31 July 2020

BOOK: Alice TAYLOR, The Shape of the State in Medieval Scotland, 1124-1290 (Oxford: Oxford University Press, 2020). ISBN 9780198861256, 40.00 USD

(Source: OUP)

Oxford University Press is publishing the paperback edition of Professor Alice Taylor’s “The Shape of the State in Medieval Scotland, 1124-1290” (we had not yet reported on the 2016 hardback edition).


This is the first full-length study of Scottish royal government in the twelfth and thirteenth centuries ever to have been written. It uses untapped legal evidence to set out a new narrative of governmental development. Between 1124 and 1290, the way in which kings of Scots ruled their kingdom transformed. By 1290 accountable officials, a system of royal courts, and complex common law procedures had all been introduced, none of which could have been envisaged in 1124.

The Shape of the State in Medieval Scotland, 1124-1290 argues that governmental development was a dynamic phenomenon, taking place over the long term. For the first half of the twelfth century, kings ruled primarily through personal relationships and patronage, only ruling through administrative and judicial officers in the south of their kingdom. In the second half of the twelfth century, these officers spread north but it was only in the late twelfth century that kings routinely ruled through institutions. Throughout this period of profound change, kings relied on aristocratic power as an increasingly formal part of royal government. In putting forward this narrative, Alice Taylor refines or overturns previous understandings in Scottish historiography of subjects as diverse as the development of the Scottish common law, feuding and compensation, Anglo-Norman 'feudalism', the importance of the reign of David I, recordkeeping, and the kingdom's military organisation. In addition, she argues that Scottish royal government was not a miniature version of English government; there were profound differences between the two polities arising from the different role and function aristocratic power played in each kingdom.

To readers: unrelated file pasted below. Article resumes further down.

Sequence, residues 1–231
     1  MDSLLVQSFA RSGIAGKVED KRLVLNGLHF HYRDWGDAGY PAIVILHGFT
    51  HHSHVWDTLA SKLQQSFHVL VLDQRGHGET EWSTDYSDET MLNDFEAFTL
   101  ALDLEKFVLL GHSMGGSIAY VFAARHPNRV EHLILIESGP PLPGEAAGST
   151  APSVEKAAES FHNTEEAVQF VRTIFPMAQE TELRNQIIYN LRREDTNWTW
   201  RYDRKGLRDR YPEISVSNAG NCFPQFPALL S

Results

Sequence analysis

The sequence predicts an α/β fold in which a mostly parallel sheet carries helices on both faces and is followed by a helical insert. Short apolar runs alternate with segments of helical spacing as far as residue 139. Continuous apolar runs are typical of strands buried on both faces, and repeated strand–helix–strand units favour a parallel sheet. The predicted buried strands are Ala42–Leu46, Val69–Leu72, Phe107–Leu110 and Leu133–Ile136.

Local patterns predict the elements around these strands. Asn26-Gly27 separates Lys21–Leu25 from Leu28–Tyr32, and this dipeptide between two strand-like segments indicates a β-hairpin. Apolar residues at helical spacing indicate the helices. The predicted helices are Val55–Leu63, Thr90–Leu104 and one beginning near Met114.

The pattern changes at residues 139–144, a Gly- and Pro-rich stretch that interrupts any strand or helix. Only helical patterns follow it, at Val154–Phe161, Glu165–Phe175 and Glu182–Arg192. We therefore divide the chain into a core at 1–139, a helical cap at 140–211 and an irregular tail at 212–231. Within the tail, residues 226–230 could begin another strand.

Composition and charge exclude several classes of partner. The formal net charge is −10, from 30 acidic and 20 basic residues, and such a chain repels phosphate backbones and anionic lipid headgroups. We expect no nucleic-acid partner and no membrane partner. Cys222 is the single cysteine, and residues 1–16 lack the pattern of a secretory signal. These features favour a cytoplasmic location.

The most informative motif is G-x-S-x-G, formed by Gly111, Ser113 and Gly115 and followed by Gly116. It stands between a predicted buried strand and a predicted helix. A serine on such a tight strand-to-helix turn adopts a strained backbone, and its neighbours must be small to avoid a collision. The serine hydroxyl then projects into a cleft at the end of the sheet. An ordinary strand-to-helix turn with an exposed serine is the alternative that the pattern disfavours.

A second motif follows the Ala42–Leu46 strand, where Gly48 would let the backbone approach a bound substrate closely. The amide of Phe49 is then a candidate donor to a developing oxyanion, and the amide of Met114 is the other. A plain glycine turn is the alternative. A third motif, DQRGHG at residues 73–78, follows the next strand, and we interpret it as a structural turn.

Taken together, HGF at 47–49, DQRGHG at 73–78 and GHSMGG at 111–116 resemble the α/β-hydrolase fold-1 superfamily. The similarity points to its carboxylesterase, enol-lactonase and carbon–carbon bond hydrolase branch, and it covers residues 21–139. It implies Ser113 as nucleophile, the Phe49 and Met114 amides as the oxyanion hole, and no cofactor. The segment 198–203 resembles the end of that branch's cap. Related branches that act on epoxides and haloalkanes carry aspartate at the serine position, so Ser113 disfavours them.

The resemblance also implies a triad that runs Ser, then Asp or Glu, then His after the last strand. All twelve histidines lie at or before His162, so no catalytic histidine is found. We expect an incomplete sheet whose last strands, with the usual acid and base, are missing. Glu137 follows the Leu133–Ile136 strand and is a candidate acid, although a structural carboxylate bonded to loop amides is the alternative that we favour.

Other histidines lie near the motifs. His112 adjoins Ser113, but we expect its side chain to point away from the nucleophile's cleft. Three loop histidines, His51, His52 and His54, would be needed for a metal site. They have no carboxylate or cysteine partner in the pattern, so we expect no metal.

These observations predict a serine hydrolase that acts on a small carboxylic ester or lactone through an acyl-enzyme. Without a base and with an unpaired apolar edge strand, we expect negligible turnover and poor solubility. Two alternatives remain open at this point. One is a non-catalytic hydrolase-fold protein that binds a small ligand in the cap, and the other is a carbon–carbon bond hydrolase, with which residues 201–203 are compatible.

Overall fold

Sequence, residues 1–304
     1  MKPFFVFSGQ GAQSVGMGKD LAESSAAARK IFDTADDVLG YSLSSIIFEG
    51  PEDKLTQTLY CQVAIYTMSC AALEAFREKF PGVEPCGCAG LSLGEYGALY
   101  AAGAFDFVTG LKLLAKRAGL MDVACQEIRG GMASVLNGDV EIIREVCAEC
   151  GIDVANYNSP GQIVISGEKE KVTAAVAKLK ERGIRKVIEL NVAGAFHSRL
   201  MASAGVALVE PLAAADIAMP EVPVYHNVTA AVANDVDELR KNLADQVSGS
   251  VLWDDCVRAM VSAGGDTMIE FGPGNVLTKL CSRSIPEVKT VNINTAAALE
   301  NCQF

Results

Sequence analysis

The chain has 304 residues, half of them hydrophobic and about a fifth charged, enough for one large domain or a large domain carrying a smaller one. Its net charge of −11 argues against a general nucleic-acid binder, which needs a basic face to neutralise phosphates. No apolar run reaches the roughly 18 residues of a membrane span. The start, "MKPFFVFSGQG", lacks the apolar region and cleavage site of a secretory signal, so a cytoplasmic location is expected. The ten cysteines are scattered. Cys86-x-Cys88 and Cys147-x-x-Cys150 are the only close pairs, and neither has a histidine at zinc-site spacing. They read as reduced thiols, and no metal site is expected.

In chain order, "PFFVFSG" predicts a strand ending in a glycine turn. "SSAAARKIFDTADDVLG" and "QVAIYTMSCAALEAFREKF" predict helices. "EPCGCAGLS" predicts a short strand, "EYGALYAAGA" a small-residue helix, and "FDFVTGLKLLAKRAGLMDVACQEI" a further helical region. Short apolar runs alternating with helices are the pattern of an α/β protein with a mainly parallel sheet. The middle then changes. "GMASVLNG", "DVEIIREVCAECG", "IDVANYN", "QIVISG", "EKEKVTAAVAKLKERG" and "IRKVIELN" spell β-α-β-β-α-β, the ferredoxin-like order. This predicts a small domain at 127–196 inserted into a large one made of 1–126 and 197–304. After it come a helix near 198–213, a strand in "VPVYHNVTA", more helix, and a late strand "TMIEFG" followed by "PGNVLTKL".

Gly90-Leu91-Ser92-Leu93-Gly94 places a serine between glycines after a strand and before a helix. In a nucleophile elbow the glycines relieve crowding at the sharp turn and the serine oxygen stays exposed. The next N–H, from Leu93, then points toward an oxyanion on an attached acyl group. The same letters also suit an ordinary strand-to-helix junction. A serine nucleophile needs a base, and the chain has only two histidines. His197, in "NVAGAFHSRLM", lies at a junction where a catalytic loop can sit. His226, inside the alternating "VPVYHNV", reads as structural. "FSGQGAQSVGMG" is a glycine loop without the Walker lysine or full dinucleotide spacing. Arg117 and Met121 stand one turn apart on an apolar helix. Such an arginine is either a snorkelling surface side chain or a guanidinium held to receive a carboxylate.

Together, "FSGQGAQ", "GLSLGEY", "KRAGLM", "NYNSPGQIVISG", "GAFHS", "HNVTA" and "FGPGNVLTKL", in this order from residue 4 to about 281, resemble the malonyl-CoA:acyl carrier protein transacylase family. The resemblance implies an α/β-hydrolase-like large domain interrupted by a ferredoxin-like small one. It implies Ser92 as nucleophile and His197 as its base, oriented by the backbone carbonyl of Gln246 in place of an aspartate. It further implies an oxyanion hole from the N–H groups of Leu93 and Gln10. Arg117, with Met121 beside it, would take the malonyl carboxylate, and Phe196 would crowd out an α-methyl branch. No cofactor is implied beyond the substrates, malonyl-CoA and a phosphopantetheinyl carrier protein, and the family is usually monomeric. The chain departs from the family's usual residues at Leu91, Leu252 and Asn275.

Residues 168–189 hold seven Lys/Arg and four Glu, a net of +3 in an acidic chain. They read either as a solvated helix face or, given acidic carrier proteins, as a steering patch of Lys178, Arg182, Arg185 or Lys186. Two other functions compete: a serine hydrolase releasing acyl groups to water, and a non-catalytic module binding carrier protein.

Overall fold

The volume also has wider significance. The formalisation of aristocratic power within and alongside the institutions of royal government in Scotland forces us to question whether the rise of royal power necessarily means the consequent decline of aristocratic power in medieval polities. The book thus not only explains an important period in the history of Scotland, it places the experience of Scotland at the heart of the process of European state formation as a whole


Alice Taylor, Reader in Medieval History, King's College London

Alice Taylor is a Reader in Medieval History at King's College London. She was born in London and studied History at St Peter's College, Oxford. After receiving her doctorate from Oxford in 2009, she was a Research Fellow at King's College, Cambridge until 2011, when she joined the History Department at KCL. The Shape of the State was her first book, and was jointly awarded the Royal Historical Society's Whitfield Prize in 2017. Also in 2017, she was awarded a Philip Leverhulme Prize for History.


List of Maps and Tables
List of Abbreviations
Preliminary notes
Part 1: Rulers and Ruled, 1124-1230
1. The early Scottish state?
2. Common Burdens in the Regnum Scottorum
3. Written law and the maintenance of order, 1124-1290
Part II: The emergence of a bureaucratic state, c.1170-1290?
4. The institutions of royal government, c.1170-1290
5. The development of a common law, 1230-1290
6. Accounting and Revenue, c.1180-1290
7. A bureaucratic government?

More info here

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